• New, restored high-definition digital transfer, approved by directors D. A. Pennebaker and Chris Hegedus, with 2.0 surround DTS-HD Master Audio soundtrack on the Blu-ray edition
  • Return of the War Room, a 2008 documentary in which advisers James Carville, George Stephanopoulos, and Paul Begala and others reflect on the effect the Clinton war room had on the way campaigns are run
  • Making ‘The War Room,’ a conversation between the filmmakers about the difficulties of shooting in the campaign’s fast-paced environment
  • Panel discussion hosted by the William J. Clinton Foundation and featuring Carville, Clinton adviser Vernon Jordan, journalist Ron Brownstein, and surprise guest Bill Clinton
  • Interview with strategist Stanley Greenberg on the increasing importance of polling
  • PLUS: A booklet featuring an essay by writer Louis Menand

David Lean Directs Noel Coward Box Set

Criterion #603 ‘“ Available On DVD And Blu-ray, March 27th 2012

In the 1940s, the wit of playwright Noël Coward and the craft of filmmaker David Lean melded harmoniously in one of cinema’s greatest writer-director collaborations. With the wartime military drama sensation In Which We Serve, Coward and Lean (along with producing partners Ronald Neame and Anthony Havelock-Allan) embarked on a series of literate, socially engaged, and enormously entertaining pictures that ranged from domestic epic (This Happy Breed) to whimsical comedy (Blithe Spirit) to poignant romance (Brief Encounter). These films created a lasting testament to Coward’s artistic legacy and introduced Lean’s visionary talents to the world.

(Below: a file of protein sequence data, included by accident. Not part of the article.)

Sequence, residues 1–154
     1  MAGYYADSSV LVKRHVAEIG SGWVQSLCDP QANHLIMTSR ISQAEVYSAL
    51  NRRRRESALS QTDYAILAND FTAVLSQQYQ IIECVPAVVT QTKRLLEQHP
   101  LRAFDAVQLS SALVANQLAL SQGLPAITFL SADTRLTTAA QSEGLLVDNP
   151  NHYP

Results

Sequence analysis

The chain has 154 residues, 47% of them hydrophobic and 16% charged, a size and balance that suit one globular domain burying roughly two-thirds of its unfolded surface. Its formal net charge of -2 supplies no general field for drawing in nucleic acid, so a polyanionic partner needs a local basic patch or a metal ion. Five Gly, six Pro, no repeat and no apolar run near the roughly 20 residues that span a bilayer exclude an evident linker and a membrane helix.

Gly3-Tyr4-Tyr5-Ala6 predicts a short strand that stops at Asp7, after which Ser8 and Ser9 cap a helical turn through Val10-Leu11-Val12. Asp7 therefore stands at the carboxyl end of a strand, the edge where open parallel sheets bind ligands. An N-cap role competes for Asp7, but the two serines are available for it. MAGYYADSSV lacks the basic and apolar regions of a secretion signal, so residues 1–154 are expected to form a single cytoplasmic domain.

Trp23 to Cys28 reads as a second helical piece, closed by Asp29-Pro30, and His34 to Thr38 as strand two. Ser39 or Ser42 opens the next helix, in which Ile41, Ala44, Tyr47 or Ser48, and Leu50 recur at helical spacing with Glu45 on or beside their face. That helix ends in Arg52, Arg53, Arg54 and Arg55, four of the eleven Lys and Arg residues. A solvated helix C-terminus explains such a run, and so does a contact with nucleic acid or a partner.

In Which We Serve

Criterion #604

In the midst of World War II, the renowned playwright Noël Coward engaged a young film editor named David Lean to help him realize his vision for an action drama about a group of Royal Navy sailors (roles that would be filled by Coward himself, Bernard Miles, and John Mills, among others) fighting the Germans in the Mediterranean. Coward and Lean ended up codirecting the large-scale project’”an impressive undertaking, especially considering that neither of them had directed for the big screen before (this would be Coward’s only such credit). Cutting between a major naval battle and flashbacks to the men’s lives before they left home, In Which We Serve (an Oscar nominee for best picture) was a major breakthrough for both filmmakers and a sensitive and stirring piece of propaganda.


This Happy Breed

Criterion #605

David Lean brings to vivid emotional life Noël Coward’s epic chronicle of a working-class family in the London suburbs over the course of two decades. Robert Newton and Celia Johnson are surpassingly affecting as Frank and Ethel Gibbons, a couple with three children whose modest household is touched by joy and tragedy from the tail end of the First World War to the beginning of the Second. With its mix of politics and melodrama, This Happy Breed is a quintessential British domestic drama, featuring subtly expressive Technicolor cinematography by Ronald Neame and a remarkable supporting cast including John Mills, Stanley Holloway, and Kay Walsh.